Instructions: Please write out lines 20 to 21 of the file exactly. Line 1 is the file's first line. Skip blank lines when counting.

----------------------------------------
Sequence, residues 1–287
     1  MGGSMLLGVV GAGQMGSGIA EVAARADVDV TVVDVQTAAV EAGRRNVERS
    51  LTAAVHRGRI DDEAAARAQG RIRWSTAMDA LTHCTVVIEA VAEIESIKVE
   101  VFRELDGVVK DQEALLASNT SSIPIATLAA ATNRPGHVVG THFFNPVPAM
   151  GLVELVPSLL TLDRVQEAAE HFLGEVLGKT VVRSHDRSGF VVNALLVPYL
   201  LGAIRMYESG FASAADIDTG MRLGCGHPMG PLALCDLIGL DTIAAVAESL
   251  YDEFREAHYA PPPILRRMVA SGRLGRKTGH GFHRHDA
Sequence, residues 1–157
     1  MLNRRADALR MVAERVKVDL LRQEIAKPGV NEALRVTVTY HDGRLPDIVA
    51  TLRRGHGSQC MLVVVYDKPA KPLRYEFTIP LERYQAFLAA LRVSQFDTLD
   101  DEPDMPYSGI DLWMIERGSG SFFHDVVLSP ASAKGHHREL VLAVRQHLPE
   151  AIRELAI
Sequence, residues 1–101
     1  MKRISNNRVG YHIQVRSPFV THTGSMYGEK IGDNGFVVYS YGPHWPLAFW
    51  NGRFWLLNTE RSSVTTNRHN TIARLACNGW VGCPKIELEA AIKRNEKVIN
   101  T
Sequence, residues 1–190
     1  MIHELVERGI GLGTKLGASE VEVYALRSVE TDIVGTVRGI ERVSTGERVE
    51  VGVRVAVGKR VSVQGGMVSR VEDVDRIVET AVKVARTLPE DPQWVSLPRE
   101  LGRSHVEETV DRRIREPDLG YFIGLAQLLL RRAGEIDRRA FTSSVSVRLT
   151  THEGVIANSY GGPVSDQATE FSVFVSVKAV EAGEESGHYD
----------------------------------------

   101  LGRSHVEETV DRRIREPDLG YFIGLAQLLL RRAGEIDRRA FTSSVSVRLT
   151  THEGVIANSY GGPVSDQATE FSVFVSVKAV EAGEESGHYD